Top firms ‘don’t encourage whistleblowers’
Most of Australia’s biggest companies have codes of conduct and whistleblowing systems that are either not up to scratch or are poorly implemented, according to an organisation representing some of Australia’s largest superannuation funds.
The Australian Council of Superannuation Investors said there are big gaps in codes of conduct and whistleblowing systems put in place in order to ensure a healthy corporate culture.
ASCI chief executive Louise Davidson said codes of conduct at just seven per cent of the top 200 ASX-listed companies meet her organisation’s definition of leading practice, while 19 per cent don’t even mention whistleblowing, or how to report wrongdoing.
This means unethical behaviour can go unreported, she said.
“I find it hard to fathom that so many of Australia’s largest listed companies tolerate such significant gaps in their codes of conduct and whistleblowing systems,” Davidson said.
“This represents a material risk to their reputation, licence to operate and value.”
The ASCI study found about 67 per cent of companies cover only five of the 13 recommended topics in their codes of conduct.
Some of those topics excluded include fair dealing, data protection and cybercrime, anti-money laundering and human rights.
The research also shows that most ASX200 codes of conduct do not include an introduction by the chief executive, do not provide practical tools to assist employees to apply the code of conduct, and are not regularly reviewed.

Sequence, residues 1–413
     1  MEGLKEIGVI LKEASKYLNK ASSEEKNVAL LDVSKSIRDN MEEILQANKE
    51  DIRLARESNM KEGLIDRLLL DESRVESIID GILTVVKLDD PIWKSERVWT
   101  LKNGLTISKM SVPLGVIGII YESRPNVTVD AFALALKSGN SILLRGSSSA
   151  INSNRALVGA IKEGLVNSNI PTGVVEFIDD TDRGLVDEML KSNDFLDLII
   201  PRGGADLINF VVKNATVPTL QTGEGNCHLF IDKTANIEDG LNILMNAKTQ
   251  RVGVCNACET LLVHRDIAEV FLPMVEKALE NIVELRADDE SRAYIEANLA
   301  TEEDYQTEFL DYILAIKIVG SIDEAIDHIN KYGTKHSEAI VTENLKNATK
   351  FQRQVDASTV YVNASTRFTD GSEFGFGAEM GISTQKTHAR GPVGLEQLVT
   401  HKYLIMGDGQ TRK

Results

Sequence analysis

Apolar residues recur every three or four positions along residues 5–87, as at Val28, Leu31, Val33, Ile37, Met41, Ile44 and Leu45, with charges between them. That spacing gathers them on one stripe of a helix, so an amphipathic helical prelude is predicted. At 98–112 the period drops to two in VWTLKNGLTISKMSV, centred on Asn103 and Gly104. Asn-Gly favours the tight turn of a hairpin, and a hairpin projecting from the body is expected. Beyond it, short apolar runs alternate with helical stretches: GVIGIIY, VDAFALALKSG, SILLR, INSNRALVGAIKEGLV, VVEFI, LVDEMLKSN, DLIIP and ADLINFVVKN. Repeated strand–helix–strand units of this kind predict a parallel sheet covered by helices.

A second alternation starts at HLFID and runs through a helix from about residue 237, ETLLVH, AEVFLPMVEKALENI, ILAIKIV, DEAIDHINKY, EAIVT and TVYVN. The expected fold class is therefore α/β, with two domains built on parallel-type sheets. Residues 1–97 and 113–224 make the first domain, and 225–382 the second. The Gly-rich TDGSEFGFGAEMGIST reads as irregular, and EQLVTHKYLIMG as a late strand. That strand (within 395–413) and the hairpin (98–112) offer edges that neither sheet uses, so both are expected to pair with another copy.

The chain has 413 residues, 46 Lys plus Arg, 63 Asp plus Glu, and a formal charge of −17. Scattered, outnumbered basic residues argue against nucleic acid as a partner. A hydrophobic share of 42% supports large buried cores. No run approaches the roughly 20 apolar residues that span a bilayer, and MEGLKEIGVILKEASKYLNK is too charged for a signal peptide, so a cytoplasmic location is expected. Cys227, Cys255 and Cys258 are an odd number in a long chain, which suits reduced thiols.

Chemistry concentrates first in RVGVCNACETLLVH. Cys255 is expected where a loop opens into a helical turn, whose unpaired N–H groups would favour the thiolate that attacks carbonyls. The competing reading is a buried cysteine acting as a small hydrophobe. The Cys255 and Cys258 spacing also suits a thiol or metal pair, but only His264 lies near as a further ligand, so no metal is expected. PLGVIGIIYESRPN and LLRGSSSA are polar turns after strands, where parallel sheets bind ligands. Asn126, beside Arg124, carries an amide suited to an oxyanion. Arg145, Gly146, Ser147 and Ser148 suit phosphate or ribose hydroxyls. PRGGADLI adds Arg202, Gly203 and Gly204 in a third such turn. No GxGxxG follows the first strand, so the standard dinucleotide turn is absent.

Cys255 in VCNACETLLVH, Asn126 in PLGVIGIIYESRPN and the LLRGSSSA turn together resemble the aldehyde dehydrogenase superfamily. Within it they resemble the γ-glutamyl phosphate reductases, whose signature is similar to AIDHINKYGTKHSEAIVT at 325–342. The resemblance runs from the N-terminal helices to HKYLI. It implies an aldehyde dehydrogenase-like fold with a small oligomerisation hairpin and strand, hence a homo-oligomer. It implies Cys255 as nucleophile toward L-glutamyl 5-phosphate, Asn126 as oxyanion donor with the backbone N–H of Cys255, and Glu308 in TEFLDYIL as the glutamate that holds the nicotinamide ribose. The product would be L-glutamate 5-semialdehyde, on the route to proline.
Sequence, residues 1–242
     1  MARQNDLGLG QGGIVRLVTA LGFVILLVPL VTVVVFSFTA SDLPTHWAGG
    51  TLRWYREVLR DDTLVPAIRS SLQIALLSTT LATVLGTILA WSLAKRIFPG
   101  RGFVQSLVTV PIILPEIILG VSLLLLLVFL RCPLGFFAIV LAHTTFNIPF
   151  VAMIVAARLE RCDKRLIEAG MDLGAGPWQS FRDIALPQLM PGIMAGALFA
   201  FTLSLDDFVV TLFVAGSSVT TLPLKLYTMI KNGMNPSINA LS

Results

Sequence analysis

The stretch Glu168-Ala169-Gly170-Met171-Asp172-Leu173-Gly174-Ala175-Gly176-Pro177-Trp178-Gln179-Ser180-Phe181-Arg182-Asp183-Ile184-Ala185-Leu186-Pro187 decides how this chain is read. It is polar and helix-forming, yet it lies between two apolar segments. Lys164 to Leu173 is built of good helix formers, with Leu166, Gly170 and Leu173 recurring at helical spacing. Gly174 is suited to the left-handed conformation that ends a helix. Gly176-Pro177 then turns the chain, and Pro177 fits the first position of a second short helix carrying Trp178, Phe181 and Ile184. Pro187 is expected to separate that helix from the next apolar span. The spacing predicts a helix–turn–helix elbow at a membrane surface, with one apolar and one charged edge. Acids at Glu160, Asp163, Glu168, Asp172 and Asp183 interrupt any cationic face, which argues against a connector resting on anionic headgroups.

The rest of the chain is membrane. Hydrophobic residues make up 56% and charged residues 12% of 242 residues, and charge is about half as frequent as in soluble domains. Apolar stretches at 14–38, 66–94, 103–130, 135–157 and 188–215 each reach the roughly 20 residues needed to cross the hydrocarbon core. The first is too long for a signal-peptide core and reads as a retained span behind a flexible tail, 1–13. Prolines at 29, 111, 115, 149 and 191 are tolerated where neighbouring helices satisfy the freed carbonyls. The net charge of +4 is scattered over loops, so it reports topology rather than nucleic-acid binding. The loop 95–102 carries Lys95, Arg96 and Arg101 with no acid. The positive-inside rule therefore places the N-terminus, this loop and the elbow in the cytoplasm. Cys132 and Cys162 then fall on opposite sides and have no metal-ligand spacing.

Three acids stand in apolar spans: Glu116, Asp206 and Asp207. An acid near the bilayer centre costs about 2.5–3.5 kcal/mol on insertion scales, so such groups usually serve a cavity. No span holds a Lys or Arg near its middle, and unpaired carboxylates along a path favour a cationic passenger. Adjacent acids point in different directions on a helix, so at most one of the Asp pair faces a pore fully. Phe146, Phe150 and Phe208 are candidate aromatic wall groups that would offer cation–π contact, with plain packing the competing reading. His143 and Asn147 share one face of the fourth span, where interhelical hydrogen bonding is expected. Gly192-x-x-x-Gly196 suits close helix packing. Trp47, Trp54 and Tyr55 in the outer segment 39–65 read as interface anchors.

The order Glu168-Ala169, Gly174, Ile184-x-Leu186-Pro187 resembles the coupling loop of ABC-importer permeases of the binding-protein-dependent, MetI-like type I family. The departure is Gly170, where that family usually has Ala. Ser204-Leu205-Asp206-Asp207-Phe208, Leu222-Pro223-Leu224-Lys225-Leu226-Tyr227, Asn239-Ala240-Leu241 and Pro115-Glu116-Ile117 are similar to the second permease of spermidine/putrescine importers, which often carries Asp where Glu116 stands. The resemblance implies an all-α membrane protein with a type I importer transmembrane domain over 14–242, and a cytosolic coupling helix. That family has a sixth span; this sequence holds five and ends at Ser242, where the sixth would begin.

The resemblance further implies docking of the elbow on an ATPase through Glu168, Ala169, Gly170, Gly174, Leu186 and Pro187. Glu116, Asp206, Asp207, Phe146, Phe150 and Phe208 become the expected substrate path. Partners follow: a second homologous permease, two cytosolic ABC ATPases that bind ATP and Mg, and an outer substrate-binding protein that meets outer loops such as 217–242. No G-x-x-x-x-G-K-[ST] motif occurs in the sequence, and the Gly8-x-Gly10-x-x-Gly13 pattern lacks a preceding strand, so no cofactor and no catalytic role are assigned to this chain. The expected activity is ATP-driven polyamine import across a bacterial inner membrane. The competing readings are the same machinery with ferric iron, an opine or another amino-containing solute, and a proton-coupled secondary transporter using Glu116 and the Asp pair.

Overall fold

Key features such as anonymity, accessibility and the avoidance of retaliation are also missing from many of the whistleblowing systems examined, the report said.
“Unless codes of conduct provide guidance to employees on where to go to report misconduct and other important information such as how reporters will be protected then how can companies expect their whistleblowing systems to be effective?” Ms Davidson said.
“This is a significant missed opportunity.”
The ACSI has made a set of recommendations including implementing regular reviews, using practical case studies to promote understanding and ensuring greater protection for staff who report wrongdoing.
“You can’t say you’re serious about improving corporate culture if you have a code of conduct and whistleblowing system that provides piecemeal coverage, poor usability and weak accessibility,” Ms Davidson said.
“Companies need to move beyond a tick the box mentality and ensure their approach actually works.”
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